Fish In A Salt Dome

Somebody mentioned this dish at the Eat Club dinner Tuesday night, and everyone at the table was fascinated. I was, too, the first time I saw it. The late Chef Jamie Shannon did it for a dinner at Commander’s Palace some ten years ago, and I’ll never forget it.

What we have here is a whole, gutted fish on a baking pan, sitting on a layer of salt, and then completely covered with a pile of salt. Any fish in the two-to-four-pound range will work. I recommend pompano, red snapper, Spanish mackerel, or other nice fatty fish.

The presentation is very dramatic. The salt will form a shell, which you will need a hammer or another heavy implement to break. The inside will not be salty–mirabile dictu!

1 whole fish, 2 to 4 pounds, gutted
2 boxes kosher salt

Preheat the oven to 375 degrees.

  1. The best pan to use for this will be an oval pan about 18 inches long by
    12 inches wide, and about three inches deep. Cover the bottom with about a
    half-inch of salt. Place the fish on top of the salt. Now cover the fish
    with salt so that it mounds up about a half-inch thick at its thinnest part.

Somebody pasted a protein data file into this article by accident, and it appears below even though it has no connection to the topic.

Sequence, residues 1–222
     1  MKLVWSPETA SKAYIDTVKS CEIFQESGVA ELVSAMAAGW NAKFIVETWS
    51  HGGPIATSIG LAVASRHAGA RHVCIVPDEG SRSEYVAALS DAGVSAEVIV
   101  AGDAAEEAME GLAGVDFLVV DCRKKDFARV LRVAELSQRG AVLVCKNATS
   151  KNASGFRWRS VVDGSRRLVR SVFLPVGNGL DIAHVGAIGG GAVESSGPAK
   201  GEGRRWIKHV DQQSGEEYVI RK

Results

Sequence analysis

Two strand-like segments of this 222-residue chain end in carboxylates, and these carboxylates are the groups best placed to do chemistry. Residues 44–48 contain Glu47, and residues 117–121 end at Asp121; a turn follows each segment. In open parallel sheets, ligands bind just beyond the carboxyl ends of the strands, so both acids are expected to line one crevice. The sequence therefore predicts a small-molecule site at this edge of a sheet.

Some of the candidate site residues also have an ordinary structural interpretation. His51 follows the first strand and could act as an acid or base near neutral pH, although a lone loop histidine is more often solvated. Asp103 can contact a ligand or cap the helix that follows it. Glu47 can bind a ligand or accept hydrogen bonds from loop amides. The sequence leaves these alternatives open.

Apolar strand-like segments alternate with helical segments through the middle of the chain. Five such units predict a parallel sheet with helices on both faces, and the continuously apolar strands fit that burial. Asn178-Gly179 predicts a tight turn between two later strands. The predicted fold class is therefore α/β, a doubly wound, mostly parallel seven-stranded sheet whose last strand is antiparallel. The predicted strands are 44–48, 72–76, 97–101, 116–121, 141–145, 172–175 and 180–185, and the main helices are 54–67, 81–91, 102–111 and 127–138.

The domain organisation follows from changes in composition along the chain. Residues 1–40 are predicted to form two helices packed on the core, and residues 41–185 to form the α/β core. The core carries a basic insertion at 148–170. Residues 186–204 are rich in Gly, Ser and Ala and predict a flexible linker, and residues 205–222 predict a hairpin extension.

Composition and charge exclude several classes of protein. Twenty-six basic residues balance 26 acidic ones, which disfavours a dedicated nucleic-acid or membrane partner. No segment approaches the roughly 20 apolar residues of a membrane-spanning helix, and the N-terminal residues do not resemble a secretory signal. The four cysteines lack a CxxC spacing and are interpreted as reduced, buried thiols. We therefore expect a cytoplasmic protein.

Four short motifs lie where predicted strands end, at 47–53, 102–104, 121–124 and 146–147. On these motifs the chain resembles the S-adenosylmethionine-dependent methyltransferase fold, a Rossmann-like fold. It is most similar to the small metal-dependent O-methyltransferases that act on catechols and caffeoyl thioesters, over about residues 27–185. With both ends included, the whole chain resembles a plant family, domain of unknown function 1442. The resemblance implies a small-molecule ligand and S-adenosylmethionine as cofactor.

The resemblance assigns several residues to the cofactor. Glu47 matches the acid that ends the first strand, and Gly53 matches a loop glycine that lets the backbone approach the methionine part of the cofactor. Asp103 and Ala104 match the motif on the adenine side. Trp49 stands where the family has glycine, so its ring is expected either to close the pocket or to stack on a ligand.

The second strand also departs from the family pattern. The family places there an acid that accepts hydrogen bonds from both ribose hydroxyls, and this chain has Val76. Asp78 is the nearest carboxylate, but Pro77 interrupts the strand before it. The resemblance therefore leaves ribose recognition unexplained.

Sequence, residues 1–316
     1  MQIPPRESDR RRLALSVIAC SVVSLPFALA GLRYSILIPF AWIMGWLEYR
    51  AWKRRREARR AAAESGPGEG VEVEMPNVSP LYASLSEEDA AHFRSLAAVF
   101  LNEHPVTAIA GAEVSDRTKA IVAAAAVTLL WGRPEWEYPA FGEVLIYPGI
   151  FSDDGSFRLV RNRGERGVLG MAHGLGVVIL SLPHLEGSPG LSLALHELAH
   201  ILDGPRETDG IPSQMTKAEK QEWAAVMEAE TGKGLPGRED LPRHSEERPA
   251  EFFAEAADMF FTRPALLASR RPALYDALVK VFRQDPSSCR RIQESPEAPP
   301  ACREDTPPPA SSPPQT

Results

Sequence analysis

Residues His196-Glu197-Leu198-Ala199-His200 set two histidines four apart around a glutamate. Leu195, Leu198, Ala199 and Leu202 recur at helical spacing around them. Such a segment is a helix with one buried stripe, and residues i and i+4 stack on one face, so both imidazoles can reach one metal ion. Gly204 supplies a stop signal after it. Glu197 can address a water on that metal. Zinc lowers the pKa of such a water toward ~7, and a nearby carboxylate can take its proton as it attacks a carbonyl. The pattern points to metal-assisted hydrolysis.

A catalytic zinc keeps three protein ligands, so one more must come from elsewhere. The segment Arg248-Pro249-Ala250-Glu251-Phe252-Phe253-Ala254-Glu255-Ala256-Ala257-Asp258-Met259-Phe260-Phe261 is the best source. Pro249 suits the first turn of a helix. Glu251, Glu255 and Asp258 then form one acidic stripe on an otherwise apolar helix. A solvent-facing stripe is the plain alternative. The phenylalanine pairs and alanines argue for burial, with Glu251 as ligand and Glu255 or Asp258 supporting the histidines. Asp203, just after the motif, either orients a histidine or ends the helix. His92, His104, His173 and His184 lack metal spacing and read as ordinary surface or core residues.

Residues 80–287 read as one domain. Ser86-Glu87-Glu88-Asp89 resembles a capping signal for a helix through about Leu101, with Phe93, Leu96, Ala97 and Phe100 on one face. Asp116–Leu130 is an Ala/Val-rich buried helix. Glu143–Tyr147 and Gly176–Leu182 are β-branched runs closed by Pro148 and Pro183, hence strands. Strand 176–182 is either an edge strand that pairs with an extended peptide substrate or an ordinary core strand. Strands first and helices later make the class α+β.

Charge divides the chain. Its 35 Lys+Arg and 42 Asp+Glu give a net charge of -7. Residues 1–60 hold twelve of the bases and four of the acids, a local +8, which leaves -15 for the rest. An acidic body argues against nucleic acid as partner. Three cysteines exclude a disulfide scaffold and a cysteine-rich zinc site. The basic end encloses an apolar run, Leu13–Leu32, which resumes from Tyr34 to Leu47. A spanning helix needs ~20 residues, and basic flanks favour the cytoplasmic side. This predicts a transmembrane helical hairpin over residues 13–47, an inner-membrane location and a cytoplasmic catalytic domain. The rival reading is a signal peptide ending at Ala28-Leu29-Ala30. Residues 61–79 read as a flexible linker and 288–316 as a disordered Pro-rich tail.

2. Using a clean spray bottle, spray water all over the salt until it’s
    glistening with dampness. Put the pan into the oven at 375 degrees and bake
    for between 40 minutes (for a two-pounder) to an hour (for a four-pounder).
    If you want to be exacting, shove (this will not be easy) a meat thermometer
    through the salt and into the fish when you think it’s nearing doneness.
    Look for an internal temperature of 125-130 degrees.

  3. Remove the fish from the oven and allow it to stand for 10-15 minutes.
    Then break the salt shell, brush off the excess salt and, as you carve the
    fish, remove the skin. This fish will be so juicy and delicious that I
    recommend no sauce.

Serves two to six, depending on the size of the fish. (Figure about ten
ounces per person of whole fish.)

Tom Fitzmorris

New Orleans